Every October, Canada celebrates efforts to create a more sustainable future with both Waste Reduction Week (October 16-22 in 2023) and Circular Economy Month, providing an opportune time to discuss how food waste can be leveraged to address not just environmental, but also economic and social issues.
Food waste: a mounting challenge for global carbon emissions
Food waste represents 30% of the municipal waste stream. And when disposed of in a landfill it becomes a significant source of methane — a potent greenhouse gas. Around the world, countries are faced with increasing concerns as food waste in landfills contributes to approximately eight percent of total carbon emissions, posing a challenge to government efforts to achieve ambitious climate goals. The global effort to promote decarbonization requires advanced technologies and a vision for keeping food waste out of landfills.
Anaerobic digestion: A sustainable solution for decarbonization
One solution that has proven to be effective in addressing the challenge of food waste is anaerobic digestion (AD). Anaerobic digestion is becoming an increasingly attractive option for municipalities and industries in Canada and around the world. It offers a way to divert and process food waste.
By implementing anaerobic digestion, food waste can be efficiently converted into renewable energy and biofertilizers, reducing its impact on the environment and helping Canada and other countries achieve its environmental goals. State-of-the-art facilities convert these materials into both renewable energy and valuable soil products for agricultural and other land based applications.
How anaerobic digestion works
Today’s AD facilities are large and complex operations. There are three predominant technologies currently being used in the processing of municipal and commercial organics — wet, dry and plug flow technologies. These technologies are primarily selected by the feedstocks they receive from municipal and/or commercial sources as well as the desired outputs from the process.
In Canada, municipalities are moving to source separated organics collection as the wet technology process generates better biogas production. It is important to note that AD facilities are entirely different from traditional waste materials handling and logistics as they are more complex, with a focus on biology and chemistry.
A critical component of an AD process is the pre-treatment of feedstocks. Municipal organic waste feedstock can have a high plastic content if the collection of food wastes is in plastic bags. The pre-treatment system removes the inert contaminants and other non-digestible elements. The remaining contaminant-free organic slurry is processed through an anaerobic digestion system where the organics are converted to biogas and digester solids.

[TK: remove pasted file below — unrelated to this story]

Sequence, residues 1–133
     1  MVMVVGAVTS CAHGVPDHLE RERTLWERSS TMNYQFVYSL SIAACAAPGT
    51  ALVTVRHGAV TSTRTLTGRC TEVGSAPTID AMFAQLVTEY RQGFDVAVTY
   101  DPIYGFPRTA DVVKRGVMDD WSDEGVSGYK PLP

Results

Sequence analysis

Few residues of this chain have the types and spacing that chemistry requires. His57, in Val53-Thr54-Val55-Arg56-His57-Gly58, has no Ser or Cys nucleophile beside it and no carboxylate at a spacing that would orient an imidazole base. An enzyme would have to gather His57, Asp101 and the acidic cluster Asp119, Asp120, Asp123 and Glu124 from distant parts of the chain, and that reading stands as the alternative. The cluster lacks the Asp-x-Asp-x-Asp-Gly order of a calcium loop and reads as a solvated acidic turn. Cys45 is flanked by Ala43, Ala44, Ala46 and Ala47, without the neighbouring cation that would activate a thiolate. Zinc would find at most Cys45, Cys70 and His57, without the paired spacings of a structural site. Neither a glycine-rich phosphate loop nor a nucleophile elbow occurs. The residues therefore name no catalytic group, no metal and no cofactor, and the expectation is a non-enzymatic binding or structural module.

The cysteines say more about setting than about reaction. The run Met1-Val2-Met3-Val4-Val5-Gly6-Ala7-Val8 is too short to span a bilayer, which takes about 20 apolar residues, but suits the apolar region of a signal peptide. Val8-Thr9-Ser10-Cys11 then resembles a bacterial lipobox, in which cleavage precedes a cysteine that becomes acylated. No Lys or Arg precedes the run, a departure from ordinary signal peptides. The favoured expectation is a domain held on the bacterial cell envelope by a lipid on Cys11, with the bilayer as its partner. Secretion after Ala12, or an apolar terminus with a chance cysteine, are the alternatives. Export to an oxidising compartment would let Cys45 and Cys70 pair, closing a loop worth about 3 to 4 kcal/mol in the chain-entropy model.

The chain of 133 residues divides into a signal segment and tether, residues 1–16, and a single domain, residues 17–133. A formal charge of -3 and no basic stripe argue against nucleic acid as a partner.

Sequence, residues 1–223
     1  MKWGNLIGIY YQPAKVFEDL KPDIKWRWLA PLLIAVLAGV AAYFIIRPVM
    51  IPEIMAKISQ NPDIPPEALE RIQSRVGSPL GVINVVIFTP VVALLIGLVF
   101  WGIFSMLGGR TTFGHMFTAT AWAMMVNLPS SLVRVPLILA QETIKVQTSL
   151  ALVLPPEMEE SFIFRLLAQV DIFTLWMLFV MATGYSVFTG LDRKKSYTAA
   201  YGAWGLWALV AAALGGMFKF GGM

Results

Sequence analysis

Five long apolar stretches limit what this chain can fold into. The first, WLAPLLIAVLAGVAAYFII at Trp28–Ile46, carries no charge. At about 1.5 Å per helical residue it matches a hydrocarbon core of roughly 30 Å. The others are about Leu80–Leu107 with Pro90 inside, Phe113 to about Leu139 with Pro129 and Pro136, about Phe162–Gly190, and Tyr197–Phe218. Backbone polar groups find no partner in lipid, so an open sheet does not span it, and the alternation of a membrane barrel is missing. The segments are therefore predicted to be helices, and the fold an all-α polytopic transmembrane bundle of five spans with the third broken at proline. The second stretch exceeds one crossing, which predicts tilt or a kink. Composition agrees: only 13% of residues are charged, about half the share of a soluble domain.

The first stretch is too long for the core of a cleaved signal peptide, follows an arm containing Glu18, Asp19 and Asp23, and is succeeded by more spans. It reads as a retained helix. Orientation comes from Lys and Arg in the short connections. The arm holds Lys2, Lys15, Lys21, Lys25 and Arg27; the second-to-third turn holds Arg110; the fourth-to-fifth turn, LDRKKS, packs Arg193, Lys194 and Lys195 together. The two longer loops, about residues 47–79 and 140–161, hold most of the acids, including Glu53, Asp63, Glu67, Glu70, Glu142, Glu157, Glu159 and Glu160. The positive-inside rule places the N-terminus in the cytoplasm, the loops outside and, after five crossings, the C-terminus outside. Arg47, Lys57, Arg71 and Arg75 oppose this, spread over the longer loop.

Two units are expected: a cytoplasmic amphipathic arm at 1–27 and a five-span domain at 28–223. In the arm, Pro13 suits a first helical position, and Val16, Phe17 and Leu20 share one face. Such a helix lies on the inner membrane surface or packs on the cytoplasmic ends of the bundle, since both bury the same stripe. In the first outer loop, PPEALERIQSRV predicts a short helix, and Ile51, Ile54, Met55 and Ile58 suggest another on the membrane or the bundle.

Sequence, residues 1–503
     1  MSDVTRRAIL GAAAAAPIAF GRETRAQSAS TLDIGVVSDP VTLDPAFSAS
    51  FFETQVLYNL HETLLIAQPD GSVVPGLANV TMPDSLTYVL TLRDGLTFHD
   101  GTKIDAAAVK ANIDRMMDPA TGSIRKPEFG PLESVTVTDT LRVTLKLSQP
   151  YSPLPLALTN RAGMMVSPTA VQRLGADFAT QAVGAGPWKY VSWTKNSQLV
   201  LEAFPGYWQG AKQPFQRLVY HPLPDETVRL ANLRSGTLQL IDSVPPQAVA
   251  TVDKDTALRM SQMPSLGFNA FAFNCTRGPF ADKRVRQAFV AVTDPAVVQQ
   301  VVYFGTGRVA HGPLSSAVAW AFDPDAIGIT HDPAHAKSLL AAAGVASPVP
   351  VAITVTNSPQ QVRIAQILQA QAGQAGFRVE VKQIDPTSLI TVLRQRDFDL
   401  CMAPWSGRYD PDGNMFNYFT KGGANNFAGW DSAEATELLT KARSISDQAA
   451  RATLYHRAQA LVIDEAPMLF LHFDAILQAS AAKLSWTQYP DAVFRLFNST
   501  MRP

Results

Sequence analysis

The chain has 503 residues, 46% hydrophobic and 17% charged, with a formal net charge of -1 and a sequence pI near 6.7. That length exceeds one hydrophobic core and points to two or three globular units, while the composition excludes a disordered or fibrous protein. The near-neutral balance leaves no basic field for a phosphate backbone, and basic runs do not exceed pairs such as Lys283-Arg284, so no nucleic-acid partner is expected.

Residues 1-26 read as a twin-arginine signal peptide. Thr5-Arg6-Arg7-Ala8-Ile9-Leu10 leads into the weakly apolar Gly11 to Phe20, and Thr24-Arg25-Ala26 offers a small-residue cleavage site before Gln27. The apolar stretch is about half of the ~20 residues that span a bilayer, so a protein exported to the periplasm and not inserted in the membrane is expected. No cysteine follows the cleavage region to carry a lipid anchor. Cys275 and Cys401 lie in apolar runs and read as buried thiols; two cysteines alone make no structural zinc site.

Food waste organics can be put to many sustainable uses
Biogas can be used in many beneficial ways:
- It can be used to produce heat and electricity
- By removing the carbon dioxide, it can create a biomethane injected into the gas grid as a renewable natural gas to power homes, businesses and vehicles
Digestate, meanwhile, is a nutrient-rich substance containing nitrogen and phosphates that can be used to:
- Condition soil
- Serve as a fertilizer for agriculture purposes
Advanced operators can also co-digest municipal source-separated organics with biosolids at wastewater treatment facilities for communities seeking to leverage their existing AD infrastructure.
In addition to stand-alone AD facilities, organic food wastes can also be processed at wastewater treatment facilities. As many wastewater treatment facilities already have anaerobic digesters, there is the potential to add more organics at underutilized facilities. This option is particularly attractive to communities seeking to leverage existing municipal infrastructure as well as an option for neighboring communities to send their organic wastes for processing.
The use of on-farm digesters is another option for processing municipal and commercial organic wastes; however, at much lower volumes given regulatory constraints.
Investing in AD
With an increasing demand for sustainability and resource efficiency, municipalities and businesses are investing in comprehensive processing programs to extract maximum value from organic waste. The aim is to produce agriculturally beneficial byproducts, offset operational costs, and generate renewable energy from biogas, all part of a growing circular economy.
These programs involve complex planning and require extensive knowledge of:
- The processing of municipal and commercial food and yard wastes
- Wastewater treatment
- Sludge concentration processes
- Thermal processes
- Product marketing and distribution
- Land application
- Energy recovery
How AD is paving the way for decarbonization
Anaerobic digestion is a sustainable solution to the food waste crisis and supports decarbonization efforts. By investing in AD, municipalities and businesses can contribute to a circular economy and a more sustainable future. By embracing a holistic approach, we can both mitigate the environmental impact of food waste and create valuable resources for a more prosperous and resilient society.